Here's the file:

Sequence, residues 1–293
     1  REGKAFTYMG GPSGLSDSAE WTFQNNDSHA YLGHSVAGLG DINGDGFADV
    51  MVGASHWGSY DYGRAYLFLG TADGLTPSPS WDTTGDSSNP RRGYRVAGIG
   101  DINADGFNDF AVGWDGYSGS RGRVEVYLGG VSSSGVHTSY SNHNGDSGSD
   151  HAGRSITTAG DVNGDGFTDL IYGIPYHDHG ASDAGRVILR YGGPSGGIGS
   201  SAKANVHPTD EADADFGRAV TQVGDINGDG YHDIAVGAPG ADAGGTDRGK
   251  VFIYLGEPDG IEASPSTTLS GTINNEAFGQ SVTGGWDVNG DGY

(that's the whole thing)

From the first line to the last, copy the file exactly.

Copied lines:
Sequence, residues 1–293
     1  REGKAFTYMG GPSGLSDSAE WTFQNNDSHA YLGHSVAGLG DINGDGFADV
    51  MVGASHWGSY DYGRAYLFLG TADGLTPSPS WDTTGDSSNP RRGYRVAGIG
   101  DINADGFNDF AVGWDGYSGS RGRVEVYLGG VSSSGVHTSY SNHNGDSGSD
   151  HAGRSITTAG DVNGDGFTDL IYGIPYHDHG ASDAGRVILR YGGPSGGIGS
   201  SAKANVHPTD EADADFGRAV TQVGDINGDG YHDIAVGAPG ADAGGTDRGK
   251  VFIYLGEPDG IEASPSTTLS GTINNEAFGQ SVTGGWDVNG DGY